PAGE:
“We had brand traction, we had the right strategy, and we had the most jobs. We had insider knowledge and learning curves that helped us. When 9/11 hit, JobsAhead.com realised that their last round of ₹11 crores funding would need to last a very long time, so they started laying off employees. And a lot of these well-trained people ended up at Naukri.com, further fuelling our machine. We made two years of losses and then we broke even and made a one-crore profit.”
There is an interesting story behind the conception of Info Edge’s 99Acres which became a competitor of Housing.com.
Sharad Malik, an NRI, and one of Info Edge’s shareholders and advisors visited India every year on vacation. During one such visit, he shared his nightmarish experience of trying to sell a piece of property at Kashmiri Gate, New Delhi with Sanjeev and his team.
According to Malik, one could never know the right market price of a property and had to depend on hearsay and real estate agents. It was Malik who suggested that they launch a real estate website that would cater to consumers directly. It was a largely untapped market in India. Info Edge’s team studied the market and launched 99Acres.com in 2005, right after acquiring the matrimonial website Jeevansathi.com.
Sanjeev says, “We knew that we had the better product. But there was a myth that Housing.com is better. There was an internet craze, and bankers found the perfect candidate in Rahul Yadav of Housing.com, who was the new player in the game. People believed it was a better product. The truth is that Housing.com was a better-looking product. It was art for art’s sake.”
When Housing.com was launched, it had a map based interface rather than the standard text-based interface. Everyone hailed it as an innovation in user interface design. Sanjeev differed from day one, “When you are buying a house, you don’t look for the house on a map because you are not arriving here from Mars, and wondering, ‘Where do I buy a house?’ You are driving by that place a hundred times in a year, thinking to yourself, ‘This colony looks reasonable. Maybe I should look for a house here.’
“You are familiar with that area. You won’t buy a house without being familiar with the region. It’s not an impulsive purchase. You look at the options offered by the broker catering to your budget. People prefer text-based listings instead of a map-based interface. When we launched our own map-based interface, we discovered that only 12 per cent of traffic went there. As many as 88 per cent of our customers preferred text-based listings. So the better product is what the customer wants rather than what appeals to your aesthetic sensibilities.
“Other young competitors, like Commonfloor.com were managing things like Housing.com. When you invest a lot of money in a company run by a group of young entrepreneurs, they will build a great engineering product. But running a sales team is quite different. At Info Edge, we are a strong sales force consisting of 600 employees. We were churning out 70-80 crores of revenue around 2014-15, so our growth was being funded not by the investors’ money but through our customers.
“I believe that the customers’ money is a hundred times better than investor funding. If a customer uses your website, then it means that you have a good product. The investors’ money will undoubtedly follow. But having the investor’s money does not ensure that customers will follow. You may not have a good value proposition. If there is a tezi (speed) in the market, then more money will flow in. But market tezi comes and goes. Beyond a point, the investors might feel that there is no cash coming into the company.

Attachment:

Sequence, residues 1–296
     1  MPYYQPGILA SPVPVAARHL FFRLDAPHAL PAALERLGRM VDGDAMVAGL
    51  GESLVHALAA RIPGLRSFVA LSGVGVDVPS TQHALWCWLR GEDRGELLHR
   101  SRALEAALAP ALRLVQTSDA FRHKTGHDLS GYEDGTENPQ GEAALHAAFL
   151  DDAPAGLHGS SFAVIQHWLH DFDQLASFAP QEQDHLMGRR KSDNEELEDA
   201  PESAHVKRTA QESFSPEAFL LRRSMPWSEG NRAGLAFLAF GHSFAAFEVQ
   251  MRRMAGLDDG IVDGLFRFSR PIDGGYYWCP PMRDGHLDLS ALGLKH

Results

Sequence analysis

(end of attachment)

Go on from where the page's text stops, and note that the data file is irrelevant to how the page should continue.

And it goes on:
“That’s what happened to many other ventures. We don’t know how much revenue is being generated by Commonfloor. What we do know is that we did a business of ₹120 crores at 99Acres. We did lose money, but we lost very little as compared to companies that were positioned at a revenue of ₹5 crores.”
Sanjeev puts it correctly. The core of any business is the value of its proposition and its ability to sell itself to its targeted market.
Does it have what it takes for a customer to loosen his purse strings? Does the business have the viability to get a customer to pay up by reaching out to him with service and a sales pitch and then living up to the promise? Several real estate websites failed because they couldn’t deliver on these fronts. They pumped in the money without ensuring a profitability model for generating revenue, which is a risky strategy, to say the least.
When Rahul Yadav raised the money for Housing.com from SoftBank, he called Haresh Chawla, one of its first angel investors and told him that SoftBank had assured him that investors don’t worry about the revenue for ten years. This meant that 99Acres’s competition had access to infinite capital, while 99Acres’s business was completely revenue driven.
“I got five phone calls from Housing.com investors saying, ‘You’ve got the business’ (because 99Acres was already generating Rs 70-80 crore of revenue). They said, ‘We’ve got the product right with Housing.com. Why don’t we merge?’ And my answer was, ‘If you’ve got the product, how come we have the business?’ I will tell you something interesting. You merge with the complementary product, not the substitute.”
Excerpted with permission from How I Almost Blew It: Incredible Lessons From India’s Most Successful Digital Entrepreneurs, Sidharth Rao, Westland.